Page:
Crime & Courts

He answered the door in underwear. Topeka police broke in with guns drawn, he says

Topeka police burst into man’s apartment with guns drawn

When officers arrived at the scene, they knocked on the door of the apartment described by the caller. A person inside answered the door while wearing underwear and latex gloves, refused to answer questions and slammed the door shut, police said.
Up Next
When officers arrived at the scene, they knocked on the door of the apartment described by the caller. A person inside answered the door while wearing underwear and latex gloves, refused to answer questions and slammed the door shut, police said.

Before Topeka police busted into his home, David Reynolds was in between classes and washing his dog, he said in a Facebook video. But when Reynolds — who was wearing only underwear — slammed the door shut, police forced their way in with guns drawn and handcuffed him.

Topeka police first received a call at around 11 a.m. Wednesday about a male armed with a rifle, the department said in a statement posted to Facebook just after 5 p.m.

“The caller told us they believed the male to be in a violent dispute with a female and was making threats to her,” police said. “The caller then specified the apartment this was taking place in. The caller then said they could hear banging on their door and walls and said they were afraid for their safety.”

When officers arrived at the scene, they knocked on the door of the apartment described by the caller. A person inside answered the door while wearing underwear and latex gloves, refused to answer questions and slammed the door shut, police said.

“Fearing for the female’s safety, officers forced entry. The purpose was to check and see if the female was injured or needing assistance,” police said. “In emergency situations such as this, officers are not required to have a search warrant if they have a reasonable belief that a person may be in immediate danger.”

The person was detained while officers searched the home to see if anyone inside was injured, police said. He was released after officers didn’t find anyone else inside. Police left after the apartment manager was summoned to fix the door.

“So i come home in between class, to wash my dog, and all of a sudden i hear loud banging on my door, i ask who it is, and get no answer, so i open my door, and there are two Topeka Police Department officers with AR-15 DRAWN and AIMED at me, tell me to come outside, to which i answered ‘(expletive) no’ because 1. i have done NOTHING WRONG, and 2. im in my underwear because washing my dog gets messy,” Reynolds said in a Facebook post.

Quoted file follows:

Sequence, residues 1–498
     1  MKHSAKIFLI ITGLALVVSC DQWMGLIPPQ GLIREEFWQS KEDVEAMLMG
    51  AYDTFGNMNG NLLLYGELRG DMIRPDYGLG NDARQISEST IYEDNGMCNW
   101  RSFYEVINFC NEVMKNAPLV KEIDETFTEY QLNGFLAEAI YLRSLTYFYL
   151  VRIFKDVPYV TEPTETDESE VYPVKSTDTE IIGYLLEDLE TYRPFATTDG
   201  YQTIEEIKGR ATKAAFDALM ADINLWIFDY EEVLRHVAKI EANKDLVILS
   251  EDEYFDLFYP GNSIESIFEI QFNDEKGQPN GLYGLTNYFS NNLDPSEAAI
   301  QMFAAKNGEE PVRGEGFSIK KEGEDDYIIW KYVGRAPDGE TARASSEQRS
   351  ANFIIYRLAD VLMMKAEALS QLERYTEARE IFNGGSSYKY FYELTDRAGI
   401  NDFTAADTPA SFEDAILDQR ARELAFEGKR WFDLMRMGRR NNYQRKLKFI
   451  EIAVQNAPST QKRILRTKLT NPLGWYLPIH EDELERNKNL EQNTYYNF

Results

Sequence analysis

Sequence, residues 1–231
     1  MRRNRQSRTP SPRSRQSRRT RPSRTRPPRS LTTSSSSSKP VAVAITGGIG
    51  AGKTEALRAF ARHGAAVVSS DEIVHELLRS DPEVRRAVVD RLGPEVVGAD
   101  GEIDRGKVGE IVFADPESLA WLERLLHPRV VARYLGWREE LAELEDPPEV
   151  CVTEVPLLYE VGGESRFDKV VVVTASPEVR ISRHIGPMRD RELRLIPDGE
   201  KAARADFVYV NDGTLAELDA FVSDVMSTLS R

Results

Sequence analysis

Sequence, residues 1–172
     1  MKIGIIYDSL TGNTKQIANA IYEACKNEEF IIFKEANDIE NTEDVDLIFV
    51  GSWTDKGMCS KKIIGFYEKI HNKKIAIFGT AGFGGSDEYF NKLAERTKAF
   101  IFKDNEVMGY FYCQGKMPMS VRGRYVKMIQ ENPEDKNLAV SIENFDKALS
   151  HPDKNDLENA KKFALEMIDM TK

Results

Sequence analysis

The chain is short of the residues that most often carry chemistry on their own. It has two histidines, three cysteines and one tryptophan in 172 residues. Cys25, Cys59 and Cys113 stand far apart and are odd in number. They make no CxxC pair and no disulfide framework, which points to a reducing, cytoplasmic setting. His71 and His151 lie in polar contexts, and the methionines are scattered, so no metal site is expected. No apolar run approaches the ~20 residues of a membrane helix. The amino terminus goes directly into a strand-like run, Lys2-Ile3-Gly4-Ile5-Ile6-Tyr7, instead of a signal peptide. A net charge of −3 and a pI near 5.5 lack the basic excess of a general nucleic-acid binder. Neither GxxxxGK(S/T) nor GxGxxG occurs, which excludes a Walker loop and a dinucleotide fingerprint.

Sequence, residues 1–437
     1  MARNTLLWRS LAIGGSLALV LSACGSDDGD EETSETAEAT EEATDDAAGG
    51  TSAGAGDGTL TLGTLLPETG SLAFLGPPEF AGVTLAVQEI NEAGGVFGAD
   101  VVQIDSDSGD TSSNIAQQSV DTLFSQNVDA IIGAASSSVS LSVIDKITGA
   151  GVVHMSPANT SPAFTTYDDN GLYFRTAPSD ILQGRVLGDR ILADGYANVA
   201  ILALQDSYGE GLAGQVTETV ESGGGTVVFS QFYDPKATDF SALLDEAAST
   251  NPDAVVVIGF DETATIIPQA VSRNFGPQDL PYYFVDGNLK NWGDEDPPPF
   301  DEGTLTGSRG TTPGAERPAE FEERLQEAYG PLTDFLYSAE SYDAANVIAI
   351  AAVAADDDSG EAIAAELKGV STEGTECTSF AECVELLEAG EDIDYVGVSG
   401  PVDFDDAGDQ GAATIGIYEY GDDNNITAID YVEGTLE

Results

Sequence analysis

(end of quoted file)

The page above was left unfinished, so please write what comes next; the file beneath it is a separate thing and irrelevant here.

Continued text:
“so i slam my door. they then BREAK IT DOWN,” Reynolds continued. “tell me to get on the ground, put me in hand cuffs and drag me to my living room. then tell me that they got a call about a ‘hispanic male with an AK-47.’ ... i did NOTHING WRONG. and i was IN MY OWN HOME! WASHING MY DOG! and they BROKE MY DOOR DOWN AND ALMOST KILLED ME WITH NO EVIDENCE THAT IVE DONE ANYTHING WRONG!”

Reynolds’ video was posted at 12:23 p.m. and had about 100,000 views in about 5 hours. In it, he asks an officer why there were “four cops with AR-15s at my front door and busted it down” without a warrant.

“OK, are you ready for me to answer?” the officer in the video asks, before he is interrupted. About a minute later, the officer says that police need a warrant under normal circumstances to force their way into a home — but no warrant is needed under exigent circumstances.

After yelling at the officers, Reynolds asks for their names and badge numbers.

“Somebody called them, said they seen a Hispanic male with an AK-47,” he says in the video. “They came to my door, busted my door down and put me in handcuffs with no warrant. Yeah, names and badge numbers. Had this gone any differently, I’d be dead in my own apartment for doing nothing wrong. Thank you, now get the (expletive) out of my apartment.”

Lt. Chris Halloran, the Rangemaster in the Wichita police Training Bureau, told the Citizen Review Board that police shoot to eliminate the threat, not to kill, and Hollywood movies "make it look glamorous to shoot bad guys."

Related stories from Wichita Eagle

  Comments